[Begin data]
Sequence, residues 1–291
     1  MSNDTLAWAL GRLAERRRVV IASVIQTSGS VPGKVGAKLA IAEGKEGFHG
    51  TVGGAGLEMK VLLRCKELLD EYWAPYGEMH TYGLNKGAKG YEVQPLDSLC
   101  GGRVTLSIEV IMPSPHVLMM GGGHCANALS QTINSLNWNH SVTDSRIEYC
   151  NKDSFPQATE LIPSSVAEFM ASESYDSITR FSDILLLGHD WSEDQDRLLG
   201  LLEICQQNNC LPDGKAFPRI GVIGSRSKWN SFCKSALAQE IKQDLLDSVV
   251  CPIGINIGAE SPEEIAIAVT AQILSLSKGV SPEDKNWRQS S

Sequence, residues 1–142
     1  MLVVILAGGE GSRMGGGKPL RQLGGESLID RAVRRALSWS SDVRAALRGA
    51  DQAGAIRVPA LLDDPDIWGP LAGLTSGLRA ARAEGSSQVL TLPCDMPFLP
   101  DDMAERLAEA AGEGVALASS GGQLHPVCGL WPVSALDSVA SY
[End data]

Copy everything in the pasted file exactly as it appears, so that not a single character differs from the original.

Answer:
Sequence, residues 1–291
     1  MSNDTLAWAL GRLAERRRVV IASVIQTSGS VPGKVGAKLA IAEGKEGFHG
    51  TVGGAGLEMK VLLRCKELLD EYWAPYGEMH TYGLNKGAKG YEVQPLDSLC
   101  GGRVTLSIEV IMPSPHVLMM GGGHCANALS QTINSLNWNH SVTDSRIEYC
   151  NKDSFPQATE LIPSSVAEFM ASESYDSITR FSDILLLGHD WSEDQDRLLG
   201  LLEICQQNNC LPDGKAFPRI GVIGSRSKWN SFCKSALAQE IKQDLLDSVV
   251  CPIGINIGAE SPEEIAIAVT AQILSLSKGV SPEDKNWRQS S

Sequence, residues 1–142
     1  MLVVILAGGE GSRMGGGKPL RQLGGESLID RAVRRALSWS SDVRAALRGA
    51  DQAGAIRVPA LLDDPDIWGP LAGLTSGLRA ARAEGSSQVL TLPCDMPFLP
   101  DDMAERLAEA AGEGVALASS GGQLHPVCGL WPVSALDSVA SY